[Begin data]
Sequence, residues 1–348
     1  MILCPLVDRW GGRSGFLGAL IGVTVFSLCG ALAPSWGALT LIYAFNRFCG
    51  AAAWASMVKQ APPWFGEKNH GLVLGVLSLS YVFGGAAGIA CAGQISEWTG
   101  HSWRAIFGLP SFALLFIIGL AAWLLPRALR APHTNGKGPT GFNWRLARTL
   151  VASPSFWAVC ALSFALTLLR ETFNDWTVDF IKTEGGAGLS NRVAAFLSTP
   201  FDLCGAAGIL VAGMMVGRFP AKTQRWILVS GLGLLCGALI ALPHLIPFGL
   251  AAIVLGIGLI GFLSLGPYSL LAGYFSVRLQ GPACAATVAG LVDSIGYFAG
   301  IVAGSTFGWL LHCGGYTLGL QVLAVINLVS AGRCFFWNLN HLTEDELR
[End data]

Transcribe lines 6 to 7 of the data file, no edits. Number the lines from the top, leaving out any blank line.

   201  FDLCGAAGIL VAGMMVGRFP AKTQRWILVS GLGLLCGALI ALPHLIPFGL
   251  AAIVLGIGLI GFLSLGPYSL LAGYFSVRLQ GPACAATVAG LVDSIGYFAG